I Never Meant to Start a Murder Cult


I never meant to start a murder cult.

It’s not something I woke up one morning and decided to do. But after I was convicted of all those murders, I started to get fan letters in prison. People admiring me, praising me for being so “visionary” and “courageous.” Praising me for being the only woman on death row in my state. For being a ground-breaking feminist in a field – serial killing – that has so few women. Then they started visiting me. Confessing to me, telling me about murders they’d committed themselves. Looking at me through the plate glass window of the prison visitor booth, searching for some sign of approval. Looking for a connection. I would smile and nod my head, listening intently. And without me doing anything other than smiling and nodding, their numbers grew.

Eventually those numbers included one of the correctional officers at the prison. After months of careful planning, she was able to help me escape. In the prison laundry truck, of all things. It’s such a cliché that no one actually stopped to check the laundry. They do now, of course. But not then. And she still has her job. No one at the prison ever discovered her role in my escape.

They holed me up here in this cabin, hidden away in the woods, if you can call such a large house a cabin. My followers take care of all my needs, and I’m free to pursue my painting and my writing. Some days I go on long hikes in the woods, and some days I just lounge in the library here and read. My artwork sells very handsomely to an underground network of collectors, so I have a steady stream of income. Off the books, of course. Just like this cabin is way off the grid.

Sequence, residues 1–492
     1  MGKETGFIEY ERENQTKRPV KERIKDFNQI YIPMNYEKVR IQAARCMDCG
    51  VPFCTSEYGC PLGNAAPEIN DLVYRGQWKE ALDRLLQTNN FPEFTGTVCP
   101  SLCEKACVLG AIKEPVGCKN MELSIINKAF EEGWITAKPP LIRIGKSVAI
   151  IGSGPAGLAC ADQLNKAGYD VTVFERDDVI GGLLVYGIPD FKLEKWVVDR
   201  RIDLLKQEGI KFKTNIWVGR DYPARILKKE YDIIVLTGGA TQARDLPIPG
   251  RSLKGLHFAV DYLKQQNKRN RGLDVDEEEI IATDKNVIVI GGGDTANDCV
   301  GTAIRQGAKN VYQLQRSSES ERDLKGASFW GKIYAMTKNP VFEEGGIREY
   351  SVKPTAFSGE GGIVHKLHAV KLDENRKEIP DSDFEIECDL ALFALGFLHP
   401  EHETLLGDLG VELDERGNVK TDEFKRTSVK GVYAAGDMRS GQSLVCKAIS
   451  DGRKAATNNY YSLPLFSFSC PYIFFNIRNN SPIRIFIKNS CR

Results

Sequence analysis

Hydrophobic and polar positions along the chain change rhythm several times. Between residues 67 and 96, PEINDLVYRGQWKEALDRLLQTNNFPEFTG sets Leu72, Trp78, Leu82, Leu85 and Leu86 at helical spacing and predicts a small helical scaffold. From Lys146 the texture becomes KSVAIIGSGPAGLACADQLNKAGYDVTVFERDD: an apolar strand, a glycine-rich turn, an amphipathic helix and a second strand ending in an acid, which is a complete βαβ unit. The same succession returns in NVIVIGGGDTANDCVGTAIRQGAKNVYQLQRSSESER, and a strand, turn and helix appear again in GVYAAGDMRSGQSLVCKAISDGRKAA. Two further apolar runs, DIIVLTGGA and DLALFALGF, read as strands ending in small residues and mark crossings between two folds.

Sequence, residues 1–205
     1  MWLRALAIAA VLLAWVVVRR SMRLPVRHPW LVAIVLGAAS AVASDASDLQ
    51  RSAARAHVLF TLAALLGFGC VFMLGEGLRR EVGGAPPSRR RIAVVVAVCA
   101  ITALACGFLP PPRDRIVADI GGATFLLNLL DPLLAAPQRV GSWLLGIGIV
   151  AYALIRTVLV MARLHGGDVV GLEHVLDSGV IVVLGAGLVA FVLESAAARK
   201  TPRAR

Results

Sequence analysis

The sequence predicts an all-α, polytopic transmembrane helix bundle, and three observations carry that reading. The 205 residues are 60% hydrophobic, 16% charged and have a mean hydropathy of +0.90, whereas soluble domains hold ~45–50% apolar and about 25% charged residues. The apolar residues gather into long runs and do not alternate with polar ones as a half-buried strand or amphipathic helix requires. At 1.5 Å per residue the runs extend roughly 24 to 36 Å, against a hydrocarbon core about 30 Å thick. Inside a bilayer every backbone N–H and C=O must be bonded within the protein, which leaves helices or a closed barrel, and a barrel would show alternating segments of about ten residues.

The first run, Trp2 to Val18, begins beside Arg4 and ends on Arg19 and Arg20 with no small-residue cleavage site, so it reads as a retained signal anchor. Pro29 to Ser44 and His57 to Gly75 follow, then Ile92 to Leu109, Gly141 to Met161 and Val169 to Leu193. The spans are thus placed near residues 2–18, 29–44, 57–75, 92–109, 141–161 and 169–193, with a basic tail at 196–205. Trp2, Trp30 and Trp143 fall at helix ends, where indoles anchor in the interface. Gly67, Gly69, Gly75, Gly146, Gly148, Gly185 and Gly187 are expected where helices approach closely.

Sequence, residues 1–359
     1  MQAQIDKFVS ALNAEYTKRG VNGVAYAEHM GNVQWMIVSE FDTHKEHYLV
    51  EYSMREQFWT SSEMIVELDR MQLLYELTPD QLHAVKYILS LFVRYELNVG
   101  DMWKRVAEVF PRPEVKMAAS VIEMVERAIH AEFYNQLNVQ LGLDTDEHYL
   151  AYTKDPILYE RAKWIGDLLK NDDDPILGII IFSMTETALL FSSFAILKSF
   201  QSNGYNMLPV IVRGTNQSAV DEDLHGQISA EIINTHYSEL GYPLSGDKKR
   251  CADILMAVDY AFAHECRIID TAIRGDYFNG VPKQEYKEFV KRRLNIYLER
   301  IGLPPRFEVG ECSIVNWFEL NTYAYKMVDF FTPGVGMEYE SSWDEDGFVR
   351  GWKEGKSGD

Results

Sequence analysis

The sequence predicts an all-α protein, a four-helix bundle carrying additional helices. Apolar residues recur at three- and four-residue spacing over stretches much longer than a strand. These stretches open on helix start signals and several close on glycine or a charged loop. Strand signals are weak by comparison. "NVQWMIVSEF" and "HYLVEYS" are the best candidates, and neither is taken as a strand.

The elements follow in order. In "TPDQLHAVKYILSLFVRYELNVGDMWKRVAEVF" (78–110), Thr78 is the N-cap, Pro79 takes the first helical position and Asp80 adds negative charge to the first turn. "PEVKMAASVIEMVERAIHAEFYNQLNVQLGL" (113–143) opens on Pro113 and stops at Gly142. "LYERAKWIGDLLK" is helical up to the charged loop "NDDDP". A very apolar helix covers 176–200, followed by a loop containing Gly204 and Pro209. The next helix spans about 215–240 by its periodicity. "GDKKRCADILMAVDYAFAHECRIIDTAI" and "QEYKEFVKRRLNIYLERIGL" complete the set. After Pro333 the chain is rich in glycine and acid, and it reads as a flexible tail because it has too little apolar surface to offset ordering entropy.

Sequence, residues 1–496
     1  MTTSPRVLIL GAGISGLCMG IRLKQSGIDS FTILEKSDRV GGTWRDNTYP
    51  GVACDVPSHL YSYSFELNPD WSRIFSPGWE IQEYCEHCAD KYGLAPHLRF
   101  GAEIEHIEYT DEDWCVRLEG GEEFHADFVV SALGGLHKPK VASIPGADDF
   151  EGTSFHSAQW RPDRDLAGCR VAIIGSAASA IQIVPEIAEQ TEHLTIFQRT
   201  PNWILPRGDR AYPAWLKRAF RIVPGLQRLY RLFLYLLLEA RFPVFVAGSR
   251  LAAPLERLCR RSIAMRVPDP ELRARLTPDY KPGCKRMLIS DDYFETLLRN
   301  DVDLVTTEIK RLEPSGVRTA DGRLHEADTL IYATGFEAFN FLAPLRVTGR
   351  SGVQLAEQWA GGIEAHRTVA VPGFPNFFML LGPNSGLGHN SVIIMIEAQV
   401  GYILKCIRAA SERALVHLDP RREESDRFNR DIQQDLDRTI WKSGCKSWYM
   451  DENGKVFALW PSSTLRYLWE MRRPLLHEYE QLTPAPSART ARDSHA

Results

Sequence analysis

Don’t bother struggling. Those ropes are secure. You’re not going anywhere. My follower who tied you to that chair was a Merchant Marine, so he knows his ropes. My disciples are nothing if not thorough. One of them even got a job at your newspaper just to keep an eye on you and your work. That’s how we knew what you were planning to publish. All that research has been destroyed by now. Your computer was thoroughly burned to a crisp, and your backup files in the cloud have been deleted.

I’ll give you this: you’re a damn good journalist and investigator. Too good. Uncovering the DNA evidence on my early convictions took a lot of hard work. But I can’t let you publish that. If my conviction is overturned on those early murders, it might lead to questions about the other murders they pinned on me, and that might lead to the public knowing my secret. And that would destroy the mystique that has built up around me. I would no longer be a living legend. My disciples would leave me. And I really like the life I lead, with followers attending to my every need and my every desire.

You see, all that info you uncovered about my early murders was absolutely correct. I was wrongly convicted of those murders. I was completely innocent. In fact – and this is my deep dark secret – I’m innocent of all the murders I was convicted for. I’ve never killed anyone in my life.

Until now. Stop squirming. You’re gonna be my first.

~ fin ~

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Darrell Z. Grizzle is a former parole officer who now works as a counselor in private practice. He lives with two cats in a house-in-the-woods in Marietta, Georgia. His horror and crime fiction has been published in Shotgun Honey, Near to the Knuckle, Story & Grit, Eldritch Tales, Mad Scientist Journal, and Daily Science Fiction. His home on the web is www.ShadowHaunted.com.